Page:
|CHRISTOPHER N. GEARY
||PROFILE OF A MARTIAL ARTS MASTER
In 2002-2003, I continued to explore the history and lineage of kempo/kenpo karate in the United States. I believe my research had begun around 1996 when I was re-reading some of my old newsletters from Nick Cerio’s International Martial Arts Association (NCIMAA). I became interested in an article written by a martial artist named Bruce Corrigan in Tennessee. In his article Corrigan said that Nick Cerio had received his first-degree black belt in the art of kenpo from a man named George Pesare, but Nick Cerio never really knew his proper kenpo lineage until years later. As it turned out, Pesare’s kenpo instructor was Sijo Victor “Sonny” Gascon, who began teaching in 1957/58 and became the founder of Karazenpo Go Shinjutsu (Hawaiian Kempo/Kenpo). Corrigan had been promoted by Gascon, and he was proud of the fact that Gascon had also promoted a man who had been one of Cerio’s teachers.
After reading the article, I contacted Bruce Corrigan to get some information about Sonny Gascon’s organization. Corrigan told me (incorrectly) that the Karazenpo Go Shinjutsu Black Belt Society (KGS BBS) was no longer doing promotions, and I believed him. Years later in 2002-2003, I again wanted to get more information about my kempo lineage. Although Hanshi Angel had been working with me for a couple of years and had promoted me on my abilities in the martial arts and in my system, I wanted to have my technique reviewed and, ideally, to be promoted by Gascon’s organization. I felt it would be a great honor to also be promoted by a man like Gascon, who had been the instructor for one of Nick Cerio's teachers, Pesare. I decided to contact Sonny Gascon directly.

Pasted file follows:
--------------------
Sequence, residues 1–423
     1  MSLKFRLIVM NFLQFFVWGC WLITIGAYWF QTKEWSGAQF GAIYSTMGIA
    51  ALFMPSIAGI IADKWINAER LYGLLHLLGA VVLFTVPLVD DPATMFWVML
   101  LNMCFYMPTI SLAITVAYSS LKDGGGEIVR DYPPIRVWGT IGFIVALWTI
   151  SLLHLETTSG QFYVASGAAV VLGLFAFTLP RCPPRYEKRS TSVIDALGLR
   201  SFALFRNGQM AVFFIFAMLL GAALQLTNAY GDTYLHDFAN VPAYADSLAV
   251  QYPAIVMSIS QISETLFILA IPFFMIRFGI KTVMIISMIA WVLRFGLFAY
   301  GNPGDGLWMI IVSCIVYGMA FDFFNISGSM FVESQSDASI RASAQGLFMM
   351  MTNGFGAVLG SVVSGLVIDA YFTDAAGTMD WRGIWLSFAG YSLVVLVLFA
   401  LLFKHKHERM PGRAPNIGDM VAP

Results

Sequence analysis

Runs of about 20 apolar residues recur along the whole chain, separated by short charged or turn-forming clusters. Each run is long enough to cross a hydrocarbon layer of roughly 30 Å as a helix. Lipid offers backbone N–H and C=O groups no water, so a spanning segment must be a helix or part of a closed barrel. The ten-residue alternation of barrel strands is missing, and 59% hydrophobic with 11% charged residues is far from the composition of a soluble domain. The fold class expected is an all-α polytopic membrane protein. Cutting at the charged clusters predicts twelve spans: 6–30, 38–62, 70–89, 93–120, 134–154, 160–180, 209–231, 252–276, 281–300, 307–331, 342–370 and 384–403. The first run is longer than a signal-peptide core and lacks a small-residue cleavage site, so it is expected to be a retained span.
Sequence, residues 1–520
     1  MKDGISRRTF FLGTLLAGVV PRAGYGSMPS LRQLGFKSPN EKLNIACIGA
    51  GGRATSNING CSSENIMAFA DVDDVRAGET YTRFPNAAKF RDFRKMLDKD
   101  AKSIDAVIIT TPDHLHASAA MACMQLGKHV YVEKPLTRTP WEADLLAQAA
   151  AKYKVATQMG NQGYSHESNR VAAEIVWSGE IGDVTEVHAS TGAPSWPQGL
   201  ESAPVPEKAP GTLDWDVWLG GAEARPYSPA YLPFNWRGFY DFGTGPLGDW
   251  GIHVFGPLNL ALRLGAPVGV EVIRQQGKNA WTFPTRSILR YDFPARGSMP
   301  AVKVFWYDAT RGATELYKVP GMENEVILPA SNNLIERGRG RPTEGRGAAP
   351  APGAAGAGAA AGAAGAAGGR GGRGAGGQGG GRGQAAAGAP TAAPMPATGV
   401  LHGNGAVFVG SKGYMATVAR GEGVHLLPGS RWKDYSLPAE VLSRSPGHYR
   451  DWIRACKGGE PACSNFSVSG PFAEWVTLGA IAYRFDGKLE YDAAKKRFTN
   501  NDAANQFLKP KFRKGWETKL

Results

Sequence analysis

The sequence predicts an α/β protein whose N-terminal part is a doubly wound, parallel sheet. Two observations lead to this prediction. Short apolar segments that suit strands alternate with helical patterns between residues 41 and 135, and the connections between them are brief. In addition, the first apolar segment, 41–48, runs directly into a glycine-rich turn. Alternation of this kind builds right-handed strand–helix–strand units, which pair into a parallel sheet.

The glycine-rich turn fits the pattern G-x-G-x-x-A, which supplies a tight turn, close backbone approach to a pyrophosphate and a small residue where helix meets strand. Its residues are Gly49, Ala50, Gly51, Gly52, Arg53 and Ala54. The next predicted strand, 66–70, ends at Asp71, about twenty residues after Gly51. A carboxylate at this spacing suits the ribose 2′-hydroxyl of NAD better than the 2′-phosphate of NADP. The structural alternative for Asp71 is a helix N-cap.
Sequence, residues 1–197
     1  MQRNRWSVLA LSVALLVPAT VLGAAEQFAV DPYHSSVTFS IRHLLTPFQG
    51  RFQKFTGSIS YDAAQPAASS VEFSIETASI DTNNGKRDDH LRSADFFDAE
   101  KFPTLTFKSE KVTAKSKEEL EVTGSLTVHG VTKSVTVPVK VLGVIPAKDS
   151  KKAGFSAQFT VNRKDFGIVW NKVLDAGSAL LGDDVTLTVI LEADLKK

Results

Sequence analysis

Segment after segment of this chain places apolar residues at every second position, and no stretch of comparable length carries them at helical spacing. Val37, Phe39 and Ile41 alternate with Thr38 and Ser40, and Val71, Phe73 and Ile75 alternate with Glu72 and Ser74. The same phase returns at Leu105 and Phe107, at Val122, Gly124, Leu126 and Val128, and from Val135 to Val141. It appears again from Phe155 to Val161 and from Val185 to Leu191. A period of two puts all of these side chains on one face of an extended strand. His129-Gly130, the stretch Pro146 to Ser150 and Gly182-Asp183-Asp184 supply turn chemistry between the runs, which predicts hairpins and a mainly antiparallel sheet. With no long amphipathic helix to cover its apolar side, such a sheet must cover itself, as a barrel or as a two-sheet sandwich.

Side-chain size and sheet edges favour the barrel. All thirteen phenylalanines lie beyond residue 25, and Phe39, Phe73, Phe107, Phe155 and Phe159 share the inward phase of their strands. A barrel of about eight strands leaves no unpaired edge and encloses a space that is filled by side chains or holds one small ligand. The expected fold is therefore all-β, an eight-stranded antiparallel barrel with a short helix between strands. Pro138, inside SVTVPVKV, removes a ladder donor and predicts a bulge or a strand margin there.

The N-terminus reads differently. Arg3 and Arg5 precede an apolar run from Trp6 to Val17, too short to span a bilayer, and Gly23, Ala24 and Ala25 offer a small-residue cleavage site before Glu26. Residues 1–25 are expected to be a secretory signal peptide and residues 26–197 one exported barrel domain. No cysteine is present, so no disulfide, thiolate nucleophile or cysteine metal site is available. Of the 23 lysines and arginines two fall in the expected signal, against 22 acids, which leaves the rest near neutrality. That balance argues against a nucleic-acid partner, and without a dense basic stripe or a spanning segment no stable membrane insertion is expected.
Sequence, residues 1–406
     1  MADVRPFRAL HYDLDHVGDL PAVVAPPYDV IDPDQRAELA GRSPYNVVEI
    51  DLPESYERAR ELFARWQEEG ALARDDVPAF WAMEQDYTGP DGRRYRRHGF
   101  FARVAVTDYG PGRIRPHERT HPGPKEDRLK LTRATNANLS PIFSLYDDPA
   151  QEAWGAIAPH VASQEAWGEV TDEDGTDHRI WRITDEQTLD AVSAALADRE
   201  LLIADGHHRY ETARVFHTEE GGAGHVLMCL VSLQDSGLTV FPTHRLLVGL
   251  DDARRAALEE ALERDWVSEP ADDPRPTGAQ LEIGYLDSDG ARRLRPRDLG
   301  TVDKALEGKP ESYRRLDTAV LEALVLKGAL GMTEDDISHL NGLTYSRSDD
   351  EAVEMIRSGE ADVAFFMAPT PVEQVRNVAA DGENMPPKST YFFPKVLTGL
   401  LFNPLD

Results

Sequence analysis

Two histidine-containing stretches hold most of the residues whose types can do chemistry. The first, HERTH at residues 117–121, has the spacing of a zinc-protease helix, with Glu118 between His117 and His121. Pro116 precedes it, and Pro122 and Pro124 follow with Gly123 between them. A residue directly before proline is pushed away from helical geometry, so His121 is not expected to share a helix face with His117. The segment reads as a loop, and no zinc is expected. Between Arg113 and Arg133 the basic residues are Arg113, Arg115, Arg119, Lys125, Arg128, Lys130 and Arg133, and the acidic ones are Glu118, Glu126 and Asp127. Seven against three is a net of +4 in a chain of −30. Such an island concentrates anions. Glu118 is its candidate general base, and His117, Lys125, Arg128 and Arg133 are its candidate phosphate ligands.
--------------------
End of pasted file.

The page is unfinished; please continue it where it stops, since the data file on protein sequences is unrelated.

Born in Hawaii into a family of Filipino ancestry, Sonny Gascon had begun his martial arts career by taking up the study of Judo at age 12. Gascon continued his martial arts training while serving in the U.S. Air Force in the early 1950s. He opened his first school in Burbank, California, in 1958. Many people have credited him with having brought the art of Shaolin Ch'uan Fa from Hawaii to the mainland United States. In the course of a martial arts career that spans more than half a century, he received training from martial arts greats such as Adriano Emperado, John Leoning (who played Master Tei in Kung Fu: The Movie), and David Nuuhiwa, 12th Dan. He was nominated to the Masters Hall of Fame in 2000.
After I joined the Karazenpo Go Shinjutsu Black Belt Society, I was told that Gascon would only promote people in person and I would either have to go see Gascon in Hawaii or bring him to Omaha. I wanted Gascon to review and critique my technique, and I was looking forward to learning from him. One of the things Gascon told me was that Shaolin Kempo is not attributed to specific individuals because the techniques were developed and refined over hundreds of years. Although I have never trained with the monks at the Shaolin Temple in China, I use the term “Shaolin” in the name of my system to show respect for the historic birthplace of kempo/kenpo karate.